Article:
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Note:  This document has been delivered to the Office of the Federal Register but has not yet been scheduled for publication.  The official version of this document is the document that is published in the Federal Register.

clinical opinion based on that State’s definition of

developmental delay, we note that all States must allow qualified personnel, when conducting evaluations, to use their informed clinical opinion to determine whether the

child meets the State’s definition of developmental delay.

Given the Department’s monitoring experience in States

where qualified personnel are not permitted to use their informed clinical opinion as a separate basis to establish

eligibility, we have set forth in new §303.321(a)(3)(ii)

that such personnel must be able to use informed clinical opinion as an alternate basis for establishing eligibility.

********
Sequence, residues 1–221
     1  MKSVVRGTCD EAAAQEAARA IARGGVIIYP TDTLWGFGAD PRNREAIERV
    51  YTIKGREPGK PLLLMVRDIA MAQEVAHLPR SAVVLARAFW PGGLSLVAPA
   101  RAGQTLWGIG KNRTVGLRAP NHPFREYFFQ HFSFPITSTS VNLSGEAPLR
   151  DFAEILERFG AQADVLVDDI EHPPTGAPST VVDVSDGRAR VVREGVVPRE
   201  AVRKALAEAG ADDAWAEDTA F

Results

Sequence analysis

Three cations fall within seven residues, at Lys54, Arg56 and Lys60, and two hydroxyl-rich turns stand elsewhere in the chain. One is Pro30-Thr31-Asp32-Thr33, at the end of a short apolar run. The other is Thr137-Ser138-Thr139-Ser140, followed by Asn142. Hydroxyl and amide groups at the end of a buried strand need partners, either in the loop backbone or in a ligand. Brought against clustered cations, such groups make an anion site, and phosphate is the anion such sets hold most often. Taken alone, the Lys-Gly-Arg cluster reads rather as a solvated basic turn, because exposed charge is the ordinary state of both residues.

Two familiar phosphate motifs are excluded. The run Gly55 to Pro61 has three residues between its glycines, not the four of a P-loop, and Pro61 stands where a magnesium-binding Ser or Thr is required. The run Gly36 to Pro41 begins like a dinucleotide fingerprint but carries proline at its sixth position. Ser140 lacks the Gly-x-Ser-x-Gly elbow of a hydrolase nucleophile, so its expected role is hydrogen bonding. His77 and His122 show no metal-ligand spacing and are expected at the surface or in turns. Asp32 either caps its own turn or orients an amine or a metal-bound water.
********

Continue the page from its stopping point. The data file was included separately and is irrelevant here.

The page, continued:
Permitting informed clinical opinion to serve as a separate

basis to establish a child’s eligibility under Part C of

the Act is important given that standardized instruments

may not capture the extent of a child’s delay. The purpose

of new §303.321(a)(3)(ii) is to alleviate the confusion and

to expressly permit qualified personnel to use their

informed clinical opinion to establish a child’s

eligibility for early intervention services under Part C of the Act, even when other instruments fail to identify or confirm the level of developmental delay to establish Part C eligibility.

Finally, we agree with the commenter that clarification is needed regarding the last phrase of new